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    • "A similar proportion of patients exhibit genetic intellectual disability syndromes such as Fragile X syndrome, Rett's syndrome, tuberous sclerosis, Joubert's syndrome, and more (review Geschwind 2008). Over the last decade, mainly because of the advent of exome sequencing, several thousands of genes have been implicated in this disease (Iossifov et al. 2012; Neale et al. 2012; O'Roak et al. 2012a,b; Pagnamenta et al. 2012; Sanders et al. 2012; Talkowski et al. 2012; Casanova 2014; Fromer et al. 2014; Iossifov et al. 2014; Stessman et al. 2014; Butler et al. 2015; Turner et al. 2015; Michaelson et al. 2012) (reviews Beaudet 2007; Abrahams and Geschwind 2008; Geschwind 2008; van de Lagemaat and Grant 2010; Stankiewicz and Lupski 2010; Miles 2011; Schaaf and Zoghbi 2011; Murdoch and State 2013; Stessman et al. 2014; Ronemus et al. 2014; Jeste and Geschwind 2014). The discovery of many genes has been facilitated by the Simons Simplex Collection (Fischbach and Lord 2010), and the accumulating data can be found in the Simons Foundation Autism Research Initiative (SFARI) web site ( "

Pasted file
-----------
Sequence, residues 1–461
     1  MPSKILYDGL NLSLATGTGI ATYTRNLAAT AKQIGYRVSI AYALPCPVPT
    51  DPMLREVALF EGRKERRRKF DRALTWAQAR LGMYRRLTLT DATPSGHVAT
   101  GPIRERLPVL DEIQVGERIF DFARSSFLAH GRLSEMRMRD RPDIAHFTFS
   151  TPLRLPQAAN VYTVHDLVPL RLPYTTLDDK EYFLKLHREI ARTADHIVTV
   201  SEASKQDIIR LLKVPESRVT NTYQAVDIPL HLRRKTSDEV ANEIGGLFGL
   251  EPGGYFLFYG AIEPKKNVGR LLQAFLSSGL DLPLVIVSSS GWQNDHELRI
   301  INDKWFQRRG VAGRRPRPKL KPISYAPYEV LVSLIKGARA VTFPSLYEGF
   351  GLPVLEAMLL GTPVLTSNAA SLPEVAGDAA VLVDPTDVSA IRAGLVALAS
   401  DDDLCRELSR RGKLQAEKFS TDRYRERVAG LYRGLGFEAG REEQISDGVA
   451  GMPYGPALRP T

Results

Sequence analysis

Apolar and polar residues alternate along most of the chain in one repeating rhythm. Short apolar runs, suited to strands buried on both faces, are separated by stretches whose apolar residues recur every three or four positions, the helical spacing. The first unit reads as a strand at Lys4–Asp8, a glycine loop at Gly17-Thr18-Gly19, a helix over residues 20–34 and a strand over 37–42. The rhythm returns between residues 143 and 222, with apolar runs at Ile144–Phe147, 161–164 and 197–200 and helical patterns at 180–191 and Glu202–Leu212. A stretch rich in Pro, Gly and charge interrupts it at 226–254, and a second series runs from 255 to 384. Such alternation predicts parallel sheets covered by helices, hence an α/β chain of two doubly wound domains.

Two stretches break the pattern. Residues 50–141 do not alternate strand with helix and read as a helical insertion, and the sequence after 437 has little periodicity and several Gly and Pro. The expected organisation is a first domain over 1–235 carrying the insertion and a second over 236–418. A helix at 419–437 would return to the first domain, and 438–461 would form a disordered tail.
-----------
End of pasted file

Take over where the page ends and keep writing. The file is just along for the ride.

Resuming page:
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    ABSTRACT: Autism Spectrum Disorders (ASD) encompass a group of neurodevelopmental diseases that demonstrate strong heritability, however the inheritance is not simple and many genes have been associated with these disorders. ASD is regarded as a neurodevelopmental disorder, and abnormalities at different developmental stages are part of the disease etiology. This review provides a general background on neuronal migration during brain development and discusses recent advancements in the field connecting ASD and aberrant neuronal migration. This article is protected by copyright. All rights reserved.
    Journal of Neurochemistry 10/2015; DOI:10.1111/jnc.13403 · 4.28 Impact Factor